Those who think "It is a man's world"; affirm that women should be locked away at home. Believing that women had no role nor business being in the work place; this group has blamed the Pill for giving women freedom to pursue their dream careers.
After the advent of the Pill , over the next couple of decades, the average age for a woman to marry started rising gradually from 22 to 29 today, while the number of women in the workforce began to multiply, with its consequent impact on family life.
“The Pill didn’t trigger social change, it merely accelerated it,” says Dominic Sandbrook, author of White Heat, a social history of Britain between 1964 and 1970.
“New white-collar jobs were emerging that suited women’s capabilities, education was expanding, and for the first time women were making inroads into professions like medicine and law".
"The word "Housewife" became dirty , to career-minded women!
They used the Pill to defer marriage and babies, to explore these new opportunities, but they would have entered the workforce, Pill or no Pill,” says Dominic.
Not only were the first generation of Pill-users oblivious to the social fallout, they ignored the physical consequences brought on by huge doses of oestrogen (today’s versions of the Pill contain around eight times fewer hormones than the prototypes).
As the first medicine to be taken regularly by people who were not sick, the Pill has been blamed – among others – for causing thrombosis, devastating fish fertility and lowering female libidos.
Not all women can tolerate the hormones, some become bloated on it, some say it turns them into loonies. Some, with underlying health conditions, are not suitable at all. You have to prescribe the right type of Pill for the right woman.
Yet statistics show taking the Pill is still far less risky then either pregnancy or childbirth. A recent 40-year study of 46,000 women showed Pill-users live longer and are less likely to die prematurely of all sorts of ailments, including various cancers and heart disease, than women who had never taken it.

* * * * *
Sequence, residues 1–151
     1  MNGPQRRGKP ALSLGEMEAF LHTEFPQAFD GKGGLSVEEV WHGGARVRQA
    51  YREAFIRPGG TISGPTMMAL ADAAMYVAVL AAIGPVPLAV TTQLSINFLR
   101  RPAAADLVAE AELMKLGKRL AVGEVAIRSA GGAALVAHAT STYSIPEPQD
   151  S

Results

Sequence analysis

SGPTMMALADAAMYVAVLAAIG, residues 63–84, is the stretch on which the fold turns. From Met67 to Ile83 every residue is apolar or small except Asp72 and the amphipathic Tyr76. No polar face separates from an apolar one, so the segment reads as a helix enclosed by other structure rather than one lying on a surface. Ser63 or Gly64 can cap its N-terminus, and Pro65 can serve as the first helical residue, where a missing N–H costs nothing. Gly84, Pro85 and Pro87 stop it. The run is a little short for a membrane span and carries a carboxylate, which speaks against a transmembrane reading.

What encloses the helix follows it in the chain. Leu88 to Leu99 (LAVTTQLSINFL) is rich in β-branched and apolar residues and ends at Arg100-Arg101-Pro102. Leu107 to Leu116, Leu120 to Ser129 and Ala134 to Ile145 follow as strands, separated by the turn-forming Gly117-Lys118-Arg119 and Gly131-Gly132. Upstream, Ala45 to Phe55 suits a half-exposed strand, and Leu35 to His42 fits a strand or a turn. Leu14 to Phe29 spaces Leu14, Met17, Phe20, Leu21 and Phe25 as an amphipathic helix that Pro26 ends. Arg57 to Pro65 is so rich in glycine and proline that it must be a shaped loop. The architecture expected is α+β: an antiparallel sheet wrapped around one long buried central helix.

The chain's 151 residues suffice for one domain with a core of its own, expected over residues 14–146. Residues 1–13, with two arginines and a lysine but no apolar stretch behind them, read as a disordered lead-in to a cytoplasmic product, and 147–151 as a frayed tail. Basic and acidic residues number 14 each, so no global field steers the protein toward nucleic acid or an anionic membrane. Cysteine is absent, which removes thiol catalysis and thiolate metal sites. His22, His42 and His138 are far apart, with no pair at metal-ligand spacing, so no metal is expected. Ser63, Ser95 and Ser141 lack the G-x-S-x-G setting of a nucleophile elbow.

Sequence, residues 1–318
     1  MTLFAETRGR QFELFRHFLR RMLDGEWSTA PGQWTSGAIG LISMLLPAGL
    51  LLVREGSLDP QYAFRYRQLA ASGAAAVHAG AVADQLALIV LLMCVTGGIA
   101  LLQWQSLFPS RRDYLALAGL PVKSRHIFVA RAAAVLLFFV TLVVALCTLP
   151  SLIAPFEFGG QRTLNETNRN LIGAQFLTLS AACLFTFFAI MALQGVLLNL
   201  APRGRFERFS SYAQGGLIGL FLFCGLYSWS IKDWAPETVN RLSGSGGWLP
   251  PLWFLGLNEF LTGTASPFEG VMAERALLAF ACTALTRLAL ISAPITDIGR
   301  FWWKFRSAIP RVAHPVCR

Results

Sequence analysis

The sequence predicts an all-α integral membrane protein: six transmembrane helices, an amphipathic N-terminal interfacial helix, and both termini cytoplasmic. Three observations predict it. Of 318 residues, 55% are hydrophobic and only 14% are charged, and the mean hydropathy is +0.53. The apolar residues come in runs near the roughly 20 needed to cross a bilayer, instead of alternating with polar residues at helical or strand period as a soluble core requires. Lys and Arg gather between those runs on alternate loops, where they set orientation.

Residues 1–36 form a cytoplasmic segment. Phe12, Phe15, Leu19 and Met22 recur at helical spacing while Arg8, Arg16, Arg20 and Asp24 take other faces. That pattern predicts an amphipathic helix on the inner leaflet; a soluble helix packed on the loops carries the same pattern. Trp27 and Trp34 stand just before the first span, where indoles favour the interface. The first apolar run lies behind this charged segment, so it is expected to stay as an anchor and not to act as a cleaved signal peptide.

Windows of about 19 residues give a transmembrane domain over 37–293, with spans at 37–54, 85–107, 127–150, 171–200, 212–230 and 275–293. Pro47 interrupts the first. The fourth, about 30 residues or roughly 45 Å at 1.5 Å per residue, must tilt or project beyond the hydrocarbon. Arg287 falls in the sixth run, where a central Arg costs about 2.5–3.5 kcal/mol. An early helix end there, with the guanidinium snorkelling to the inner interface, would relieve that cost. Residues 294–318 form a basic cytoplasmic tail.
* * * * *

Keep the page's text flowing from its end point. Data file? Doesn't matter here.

Despite the increased prescription of hormonal “implants” such as uterine coils or skin patches, the Pill remains a doctors’ favourite.
Consultant gynaecologist Tina Cotzias calls it “absolutely great”.
“The Pill has real benefits, which all gynaecologists love, and most women will be very happy on it,” she says. “It regulates menstrual flow, makes periods less painful, minimises ovarian cysts and offers symptomatic relief from conditions like endometriosis".
But what of our moral fabric, as so bewailed by Ms Welch?
Jennifer Worth laughs. “That’s an outrageous statement. The Pill saved far more marriages, by reducing the pressure on women. It certainly saved millions’ mental and physical health.”
For the Pill,today, it remains a win-win situation because when viewed from either side of the debate for and against the Pill; there is the privilege of choice for all women.
Due to health and religious reasons for some women, the pill is not an option .
Thankfully for those who cannot use the Pill, alternative forms of reliable contraceptives are widely available in their myriad presentations and methods.
These are freely dispensed in the hundreds of thousands of Family Planning and Birth Control Clinics which dot the land.
Indeed, millions of women all through five decades , do have a lot of reasons to appreciate the advent of the Pill.